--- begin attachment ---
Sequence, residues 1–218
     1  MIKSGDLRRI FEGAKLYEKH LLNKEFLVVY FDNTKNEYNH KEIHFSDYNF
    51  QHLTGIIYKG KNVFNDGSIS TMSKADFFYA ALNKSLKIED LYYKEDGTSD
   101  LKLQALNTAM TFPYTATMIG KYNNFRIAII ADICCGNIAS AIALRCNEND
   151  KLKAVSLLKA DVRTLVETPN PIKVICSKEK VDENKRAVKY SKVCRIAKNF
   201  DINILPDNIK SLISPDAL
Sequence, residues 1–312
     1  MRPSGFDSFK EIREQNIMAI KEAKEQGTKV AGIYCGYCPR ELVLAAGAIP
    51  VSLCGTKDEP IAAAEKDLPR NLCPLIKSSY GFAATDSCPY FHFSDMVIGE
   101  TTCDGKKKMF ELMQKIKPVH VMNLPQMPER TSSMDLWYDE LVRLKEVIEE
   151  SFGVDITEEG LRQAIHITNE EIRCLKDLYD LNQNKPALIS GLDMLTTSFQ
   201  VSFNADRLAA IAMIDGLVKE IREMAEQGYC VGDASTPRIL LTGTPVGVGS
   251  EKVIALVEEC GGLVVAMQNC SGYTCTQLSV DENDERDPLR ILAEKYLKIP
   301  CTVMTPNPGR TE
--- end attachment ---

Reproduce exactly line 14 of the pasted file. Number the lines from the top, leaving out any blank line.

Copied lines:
   301  CTVMTPNPGR TE